It seems like once a year we talk about a newspaper dumping its theater critic, or dance critic, or book critic, and more recently, their movie critic. Tight budgets are a big part of it, obviously, but you wouldn't cut your entire City Hall reporting staff. There's something about the critic that is now very vulnerable. It's not a new phenomenon, but it does feel like we crossed some kind of threshold, where enough papers dropped one or more of their critics to revisit the question: Do critics matter? Patrick Goldstein takes up that question in the Los Angeles Times:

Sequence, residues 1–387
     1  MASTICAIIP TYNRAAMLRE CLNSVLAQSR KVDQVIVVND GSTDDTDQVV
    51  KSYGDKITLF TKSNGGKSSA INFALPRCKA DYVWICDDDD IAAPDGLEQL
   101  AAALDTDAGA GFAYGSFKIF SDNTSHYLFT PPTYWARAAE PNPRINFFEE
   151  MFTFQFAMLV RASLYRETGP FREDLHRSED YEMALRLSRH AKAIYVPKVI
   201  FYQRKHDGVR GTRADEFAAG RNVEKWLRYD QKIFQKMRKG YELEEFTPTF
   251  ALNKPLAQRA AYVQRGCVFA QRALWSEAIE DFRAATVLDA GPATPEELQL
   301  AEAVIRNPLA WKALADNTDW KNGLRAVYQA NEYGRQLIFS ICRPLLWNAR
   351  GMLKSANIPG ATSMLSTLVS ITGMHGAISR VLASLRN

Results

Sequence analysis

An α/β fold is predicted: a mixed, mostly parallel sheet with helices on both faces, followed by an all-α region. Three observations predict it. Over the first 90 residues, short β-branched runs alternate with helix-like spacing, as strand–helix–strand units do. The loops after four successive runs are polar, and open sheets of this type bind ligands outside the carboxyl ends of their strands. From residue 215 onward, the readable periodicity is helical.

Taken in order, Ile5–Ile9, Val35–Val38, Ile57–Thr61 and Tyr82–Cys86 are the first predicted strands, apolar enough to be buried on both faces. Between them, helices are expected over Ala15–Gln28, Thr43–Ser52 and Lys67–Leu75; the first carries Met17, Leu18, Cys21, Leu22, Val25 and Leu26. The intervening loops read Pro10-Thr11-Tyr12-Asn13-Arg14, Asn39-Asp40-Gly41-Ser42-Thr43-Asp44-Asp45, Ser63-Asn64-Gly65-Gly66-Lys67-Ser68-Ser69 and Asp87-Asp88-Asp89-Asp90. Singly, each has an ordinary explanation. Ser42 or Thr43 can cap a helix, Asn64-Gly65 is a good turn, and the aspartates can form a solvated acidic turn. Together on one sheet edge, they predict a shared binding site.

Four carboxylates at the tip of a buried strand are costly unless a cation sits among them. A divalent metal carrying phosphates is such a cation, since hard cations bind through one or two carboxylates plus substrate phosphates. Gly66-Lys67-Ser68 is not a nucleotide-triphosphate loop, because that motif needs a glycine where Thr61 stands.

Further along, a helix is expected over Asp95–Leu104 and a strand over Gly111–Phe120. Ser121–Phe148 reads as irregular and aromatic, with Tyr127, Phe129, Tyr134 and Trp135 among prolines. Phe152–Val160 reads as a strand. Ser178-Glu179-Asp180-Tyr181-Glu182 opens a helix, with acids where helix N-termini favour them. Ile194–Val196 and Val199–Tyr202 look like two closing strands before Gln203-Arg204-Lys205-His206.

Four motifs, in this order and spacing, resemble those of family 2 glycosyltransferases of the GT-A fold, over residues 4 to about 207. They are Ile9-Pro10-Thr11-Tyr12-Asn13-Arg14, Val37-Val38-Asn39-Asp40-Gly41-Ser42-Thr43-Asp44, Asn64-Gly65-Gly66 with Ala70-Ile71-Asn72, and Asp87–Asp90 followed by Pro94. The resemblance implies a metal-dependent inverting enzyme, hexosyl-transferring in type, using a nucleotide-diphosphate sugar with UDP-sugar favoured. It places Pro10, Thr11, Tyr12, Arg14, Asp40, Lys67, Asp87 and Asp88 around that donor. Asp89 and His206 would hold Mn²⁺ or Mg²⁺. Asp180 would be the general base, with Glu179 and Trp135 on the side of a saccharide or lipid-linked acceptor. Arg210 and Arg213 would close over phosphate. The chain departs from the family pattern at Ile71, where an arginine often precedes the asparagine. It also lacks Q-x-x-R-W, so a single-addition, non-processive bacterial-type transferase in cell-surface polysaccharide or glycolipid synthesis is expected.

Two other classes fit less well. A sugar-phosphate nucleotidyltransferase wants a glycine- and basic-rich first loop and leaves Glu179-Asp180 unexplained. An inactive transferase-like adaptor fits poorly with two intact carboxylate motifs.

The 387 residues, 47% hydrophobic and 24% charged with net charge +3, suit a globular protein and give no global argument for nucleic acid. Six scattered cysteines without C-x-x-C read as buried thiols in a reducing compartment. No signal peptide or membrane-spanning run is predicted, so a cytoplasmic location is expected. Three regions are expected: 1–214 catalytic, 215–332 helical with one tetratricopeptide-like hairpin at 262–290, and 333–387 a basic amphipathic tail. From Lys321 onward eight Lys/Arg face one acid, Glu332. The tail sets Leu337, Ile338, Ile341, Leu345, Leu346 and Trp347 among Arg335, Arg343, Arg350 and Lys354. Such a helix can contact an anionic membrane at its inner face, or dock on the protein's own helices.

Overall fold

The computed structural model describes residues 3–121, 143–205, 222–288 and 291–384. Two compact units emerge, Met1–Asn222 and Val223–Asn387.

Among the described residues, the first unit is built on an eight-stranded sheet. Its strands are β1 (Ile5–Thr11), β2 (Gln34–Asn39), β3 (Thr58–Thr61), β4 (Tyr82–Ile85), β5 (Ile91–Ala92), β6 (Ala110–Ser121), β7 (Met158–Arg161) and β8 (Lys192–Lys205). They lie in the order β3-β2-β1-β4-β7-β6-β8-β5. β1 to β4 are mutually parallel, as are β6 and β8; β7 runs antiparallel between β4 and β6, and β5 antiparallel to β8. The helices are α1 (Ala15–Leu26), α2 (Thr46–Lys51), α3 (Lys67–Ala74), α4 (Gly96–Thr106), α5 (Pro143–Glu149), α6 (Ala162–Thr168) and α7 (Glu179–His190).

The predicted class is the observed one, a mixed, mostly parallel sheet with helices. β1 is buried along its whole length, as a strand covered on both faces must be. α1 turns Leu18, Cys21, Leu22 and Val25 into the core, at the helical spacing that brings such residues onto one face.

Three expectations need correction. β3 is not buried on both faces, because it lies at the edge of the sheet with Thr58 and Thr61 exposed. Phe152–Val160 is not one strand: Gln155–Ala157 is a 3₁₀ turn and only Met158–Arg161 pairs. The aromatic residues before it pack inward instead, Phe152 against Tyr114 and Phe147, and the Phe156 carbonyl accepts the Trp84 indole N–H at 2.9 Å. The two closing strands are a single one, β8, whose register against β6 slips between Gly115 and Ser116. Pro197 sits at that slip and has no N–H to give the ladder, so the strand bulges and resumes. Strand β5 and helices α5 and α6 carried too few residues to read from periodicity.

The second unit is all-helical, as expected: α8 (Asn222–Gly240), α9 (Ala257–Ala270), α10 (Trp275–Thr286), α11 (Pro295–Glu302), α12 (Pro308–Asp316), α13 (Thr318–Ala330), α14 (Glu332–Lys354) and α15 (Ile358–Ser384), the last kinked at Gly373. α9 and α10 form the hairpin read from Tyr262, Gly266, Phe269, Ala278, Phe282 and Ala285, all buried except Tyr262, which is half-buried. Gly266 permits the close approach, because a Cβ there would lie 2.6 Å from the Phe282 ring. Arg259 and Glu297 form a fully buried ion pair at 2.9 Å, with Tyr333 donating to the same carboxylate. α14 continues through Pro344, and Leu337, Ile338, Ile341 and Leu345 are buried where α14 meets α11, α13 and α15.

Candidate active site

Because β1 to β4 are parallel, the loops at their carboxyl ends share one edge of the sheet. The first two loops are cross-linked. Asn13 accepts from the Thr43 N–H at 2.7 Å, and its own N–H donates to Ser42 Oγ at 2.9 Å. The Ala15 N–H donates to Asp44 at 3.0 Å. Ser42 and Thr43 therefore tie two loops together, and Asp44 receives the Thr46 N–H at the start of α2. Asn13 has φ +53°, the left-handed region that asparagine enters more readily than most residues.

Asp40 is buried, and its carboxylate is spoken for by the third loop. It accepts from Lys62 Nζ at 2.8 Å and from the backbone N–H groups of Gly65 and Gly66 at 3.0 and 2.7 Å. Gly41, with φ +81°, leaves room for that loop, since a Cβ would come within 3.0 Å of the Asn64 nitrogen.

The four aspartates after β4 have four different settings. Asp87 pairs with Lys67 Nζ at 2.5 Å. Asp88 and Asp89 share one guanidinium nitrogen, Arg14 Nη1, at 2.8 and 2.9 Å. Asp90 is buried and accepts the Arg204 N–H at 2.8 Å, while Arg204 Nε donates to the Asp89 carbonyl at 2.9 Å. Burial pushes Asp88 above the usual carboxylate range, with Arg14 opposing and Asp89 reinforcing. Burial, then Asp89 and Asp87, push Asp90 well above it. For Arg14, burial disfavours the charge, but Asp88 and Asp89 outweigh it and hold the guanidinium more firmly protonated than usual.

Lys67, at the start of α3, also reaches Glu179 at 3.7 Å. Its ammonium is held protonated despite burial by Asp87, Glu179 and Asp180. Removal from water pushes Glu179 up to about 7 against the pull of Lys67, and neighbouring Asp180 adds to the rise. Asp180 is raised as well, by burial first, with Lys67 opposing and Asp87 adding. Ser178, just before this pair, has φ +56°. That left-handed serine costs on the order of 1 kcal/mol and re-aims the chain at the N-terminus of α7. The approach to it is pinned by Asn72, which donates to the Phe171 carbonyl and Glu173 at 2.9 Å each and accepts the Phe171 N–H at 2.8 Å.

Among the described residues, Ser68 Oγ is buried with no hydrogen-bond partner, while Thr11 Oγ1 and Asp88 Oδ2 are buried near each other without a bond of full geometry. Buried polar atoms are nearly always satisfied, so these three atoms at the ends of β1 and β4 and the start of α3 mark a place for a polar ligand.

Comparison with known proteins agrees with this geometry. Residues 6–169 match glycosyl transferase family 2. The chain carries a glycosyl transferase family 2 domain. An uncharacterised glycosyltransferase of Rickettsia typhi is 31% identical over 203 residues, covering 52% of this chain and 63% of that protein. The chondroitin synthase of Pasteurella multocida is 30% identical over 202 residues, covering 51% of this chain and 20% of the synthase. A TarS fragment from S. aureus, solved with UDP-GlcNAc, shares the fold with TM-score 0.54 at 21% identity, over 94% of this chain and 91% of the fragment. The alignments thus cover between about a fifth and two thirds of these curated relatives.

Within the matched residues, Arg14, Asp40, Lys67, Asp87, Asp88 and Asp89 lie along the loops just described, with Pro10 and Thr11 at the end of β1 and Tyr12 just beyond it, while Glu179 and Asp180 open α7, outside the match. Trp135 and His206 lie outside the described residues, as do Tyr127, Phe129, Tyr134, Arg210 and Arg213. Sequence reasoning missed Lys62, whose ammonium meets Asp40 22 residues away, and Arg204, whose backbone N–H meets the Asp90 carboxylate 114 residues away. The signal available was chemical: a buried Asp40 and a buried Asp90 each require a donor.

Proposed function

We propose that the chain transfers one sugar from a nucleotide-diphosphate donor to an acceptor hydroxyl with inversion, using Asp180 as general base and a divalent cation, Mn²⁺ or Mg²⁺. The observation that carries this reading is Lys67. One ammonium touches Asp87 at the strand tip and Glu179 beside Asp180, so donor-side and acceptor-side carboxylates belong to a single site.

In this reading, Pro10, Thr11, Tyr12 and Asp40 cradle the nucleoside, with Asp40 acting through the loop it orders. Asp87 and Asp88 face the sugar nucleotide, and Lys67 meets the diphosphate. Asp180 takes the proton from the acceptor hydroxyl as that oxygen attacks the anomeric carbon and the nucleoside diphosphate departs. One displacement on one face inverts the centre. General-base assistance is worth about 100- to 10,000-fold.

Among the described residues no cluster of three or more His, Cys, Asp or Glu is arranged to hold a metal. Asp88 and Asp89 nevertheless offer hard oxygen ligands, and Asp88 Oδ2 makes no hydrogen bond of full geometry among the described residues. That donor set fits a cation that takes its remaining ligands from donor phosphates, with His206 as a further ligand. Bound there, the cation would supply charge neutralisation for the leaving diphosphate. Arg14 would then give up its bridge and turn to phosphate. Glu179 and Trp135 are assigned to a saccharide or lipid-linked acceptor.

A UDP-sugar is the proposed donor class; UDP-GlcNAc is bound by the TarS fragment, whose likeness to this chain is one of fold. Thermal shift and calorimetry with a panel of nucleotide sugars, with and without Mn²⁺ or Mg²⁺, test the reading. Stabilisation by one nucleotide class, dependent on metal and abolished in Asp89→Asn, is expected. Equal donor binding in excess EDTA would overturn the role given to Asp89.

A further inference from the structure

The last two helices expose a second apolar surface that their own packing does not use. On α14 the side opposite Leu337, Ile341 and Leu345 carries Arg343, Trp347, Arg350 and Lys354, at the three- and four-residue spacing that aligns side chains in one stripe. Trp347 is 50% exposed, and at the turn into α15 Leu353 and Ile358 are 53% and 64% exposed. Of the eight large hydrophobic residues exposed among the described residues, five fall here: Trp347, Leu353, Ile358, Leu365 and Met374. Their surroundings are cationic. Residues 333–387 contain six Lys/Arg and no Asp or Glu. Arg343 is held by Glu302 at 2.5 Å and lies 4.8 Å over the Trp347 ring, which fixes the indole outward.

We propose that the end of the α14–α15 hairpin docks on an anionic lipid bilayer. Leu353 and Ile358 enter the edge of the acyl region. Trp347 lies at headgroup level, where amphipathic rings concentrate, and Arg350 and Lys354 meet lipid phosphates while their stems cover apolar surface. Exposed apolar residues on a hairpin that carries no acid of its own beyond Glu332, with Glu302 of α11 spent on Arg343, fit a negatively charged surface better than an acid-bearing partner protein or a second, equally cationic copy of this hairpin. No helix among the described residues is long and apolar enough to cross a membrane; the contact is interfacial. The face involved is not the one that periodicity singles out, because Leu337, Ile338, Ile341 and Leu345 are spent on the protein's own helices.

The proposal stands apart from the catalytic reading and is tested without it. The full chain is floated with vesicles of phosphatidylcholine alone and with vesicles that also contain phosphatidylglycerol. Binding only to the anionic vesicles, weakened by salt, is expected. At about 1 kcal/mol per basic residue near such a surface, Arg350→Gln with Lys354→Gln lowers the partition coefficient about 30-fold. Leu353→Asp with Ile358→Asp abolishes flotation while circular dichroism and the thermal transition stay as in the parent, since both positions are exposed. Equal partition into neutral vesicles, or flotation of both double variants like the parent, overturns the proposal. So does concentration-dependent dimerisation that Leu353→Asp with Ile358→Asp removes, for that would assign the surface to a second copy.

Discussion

There was a time when critics were our arbiters of culture, the ultimate interpreters of intellectual discourse. When I was growing up, eager to write about the arts, it was just as important to read Pauline Kael, Frank Rich and Lester Bangs as it was to see a Robert Altman film, a David Mamet play or listen to the latest Elvis Costello album. Critics gave art its context, explained its meaning and guided us to new discoveries.
Those days are long gone, he argues. Blame the web, blame budget cuts, even blame Hollywood. But in the end, will you miss the expert reviewer's informed opinion, or will you even notice when the local paper drops their critic?